There are plenty of tips for building a positive company culture, but they most often boil down to this: determine a set of values that you believe in and live them through your management and behavior in the workplace. Only hire people who believe in those same values, be it providing exceptional customer support, only doing sustainable business, or something completely different.
Recognition is one of our top needs as a human species. In the workplace, recognizing your employees’ hard work is crucial. When they are recognized, your employees will be:
- more productive
- more motivated
- more engaged
- more aware of how good their work really is
What’s even more important, you’ll also be able to spot those who are underperforming quickly, so you can offer them support.
One model that can help you do this is called SBI, which stands for Situation, Behavior, and Impact.
This model is excellent when you want to give constructive feedback that your employees will readily accept and that they can apply immediately.
Employee retention ideas
Now that you know what it is and how important it can be, let’s get into some practical employee retention ideas that you can apply immediately.
Engagement surveys – an excellent tool for measuring how someone feels in their everyday work situations. There are quite a few platforms nowadays that let you create these with ease.
Exit interviews – when your employees have decided to leave, it may be too late to talk them into staying. However, a great exit interview will be able to tell you everything about the reasons why they are jumping ship so you can learn from your mistakes.
One-on-one meetings – group meetings just don’t cut it when it comes to true engagement. When you talk to employees one-on-one, you’ll show them that you value them since you have time for them, and you’ll have a window of opportunity to discuss what would make them happier.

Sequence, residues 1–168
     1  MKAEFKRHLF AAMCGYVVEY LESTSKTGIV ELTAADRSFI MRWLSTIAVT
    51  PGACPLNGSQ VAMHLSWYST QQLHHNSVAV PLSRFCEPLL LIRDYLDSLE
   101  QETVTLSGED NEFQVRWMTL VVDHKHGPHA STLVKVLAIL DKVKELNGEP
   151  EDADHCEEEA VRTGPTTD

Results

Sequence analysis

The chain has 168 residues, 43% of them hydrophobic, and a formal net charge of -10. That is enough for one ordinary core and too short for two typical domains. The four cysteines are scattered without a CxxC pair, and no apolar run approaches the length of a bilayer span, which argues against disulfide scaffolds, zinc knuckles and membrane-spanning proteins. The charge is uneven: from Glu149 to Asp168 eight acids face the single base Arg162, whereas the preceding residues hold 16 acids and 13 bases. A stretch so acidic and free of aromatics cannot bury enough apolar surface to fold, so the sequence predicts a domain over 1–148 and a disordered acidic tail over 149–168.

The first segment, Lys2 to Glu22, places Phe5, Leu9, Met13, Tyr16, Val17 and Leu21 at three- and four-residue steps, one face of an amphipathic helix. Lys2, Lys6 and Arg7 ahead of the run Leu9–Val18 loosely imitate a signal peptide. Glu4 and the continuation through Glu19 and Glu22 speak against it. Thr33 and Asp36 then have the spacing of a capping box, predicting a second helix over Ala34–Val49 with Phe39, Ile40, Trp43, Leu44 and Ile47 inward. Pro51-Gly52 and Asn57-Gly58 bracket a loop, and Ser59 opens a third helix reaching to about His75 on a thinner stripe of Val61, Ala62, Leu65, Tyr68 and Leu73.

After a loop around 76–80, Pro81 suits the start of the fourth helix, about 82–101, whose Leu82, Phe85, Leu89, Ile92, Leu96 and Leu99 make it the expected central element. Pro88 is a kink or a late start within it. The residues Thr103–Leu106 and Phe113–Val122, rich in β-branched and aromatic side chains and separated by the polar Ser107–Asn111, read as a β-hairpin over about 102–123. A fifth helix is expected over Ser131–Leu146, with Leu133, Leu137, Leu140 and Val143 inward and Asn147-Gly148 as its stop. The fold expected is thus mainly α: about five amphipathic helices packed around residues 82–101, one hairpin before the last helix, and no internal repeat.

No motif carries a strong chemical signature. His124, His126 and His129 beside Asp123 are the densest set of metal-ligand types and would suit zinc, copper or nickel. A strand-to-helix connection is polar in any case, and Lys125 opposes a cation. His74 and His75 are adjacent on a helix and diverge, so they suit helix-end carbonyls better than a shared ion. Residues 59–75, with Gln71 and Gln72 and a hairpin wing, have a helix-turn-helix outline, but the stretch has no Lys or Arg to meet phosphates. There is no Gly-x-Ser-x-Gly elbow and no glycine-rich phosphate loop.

Stay interviews – just as their name says, these interviews are meant to make your employees stay. They are one-on-one interviews where you sit down with your employees to find out what they like and dislike about your company so you can work on improving what’s lacking.
Company review sites – if you’re not keeping an eye out on websites like Glassdoor, you should be. This is where employees can (anonymously) leave plenty of feedback on everything from the interview questions when they were hired to the relationship they have with the management.
Career development opportunities – this can be anything from giving them access to different courses and webinars to sending them off somewhere to get special training for their role. Choose carefully and in accordance with the goals that you set for this role.
Giving employees recognition – introduce an employee recognition program that will reward positive behaviors and make your employees feel appreciated. There are plenty of examples out there, so choose something that suits your budget and availability.
Tools for improving employee retention
If you’re ready to start working on your retention today, there are numerous tools that can help you out. We sorted them according to their intended purpose below.
HRIS (HR information system) – for managing your employees and keeping the bulk of your HR-related information in one place. Our top picks include:
Employee experience – for improving the experience your employees have in the workplace.
Communication – our top choices for communicating in the workplace, be it in the office or in a remote setting.
Surveys – for employee engagement and checking many other aspects of employee satisfaction, these are some excellent free and paid options.
Recognition – for showing your employees that their hard work matters and rewarding them in abstract or material ways.
Well-being – for ensuring that your employees stay physically and mentally well at all times.
Recruitment – for finding, sourcing, and testing new talent when you’re hiring new employees or finding replacements for those you could not retain.
Analytics – for learning how your employees feel about your organization and backing those opinions with actionable data and statistics.
Employee retention may sound complex after everything mentioned above but it’s actually fairly simple. Keep your employees happy, give purpose to their work and give them the perks and benefits they desire. Once you do that, your investment will return tenfold because you’ll have a happier workforce that appreciates your company and wants to stick around for the long haul.